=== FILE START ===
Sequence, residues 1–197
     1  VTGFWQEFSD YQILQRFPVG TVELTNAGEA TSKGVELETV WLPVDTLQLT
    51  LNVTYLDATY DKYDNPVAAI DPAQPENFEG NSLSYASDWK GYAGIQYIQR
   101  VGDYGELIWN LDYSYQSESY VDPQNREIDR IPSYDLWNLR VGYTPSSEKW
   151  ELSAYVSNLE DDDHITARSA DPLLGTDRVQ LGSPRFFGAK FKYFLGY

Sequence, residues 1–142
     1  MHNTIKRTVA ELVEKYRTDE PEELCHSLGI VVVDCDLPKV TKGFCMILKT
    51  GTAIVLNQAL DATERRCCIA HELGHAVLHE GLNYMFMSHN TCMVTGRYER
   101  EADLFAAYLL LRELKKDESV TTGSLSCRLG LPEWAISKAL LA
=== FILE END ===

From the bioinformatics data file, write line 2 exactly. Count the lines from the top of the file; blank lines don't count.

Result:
     1  VTGFWQEFSD YQILQRFPVG TVELTNAGEA TSKGVELETV WLPVDTLQLT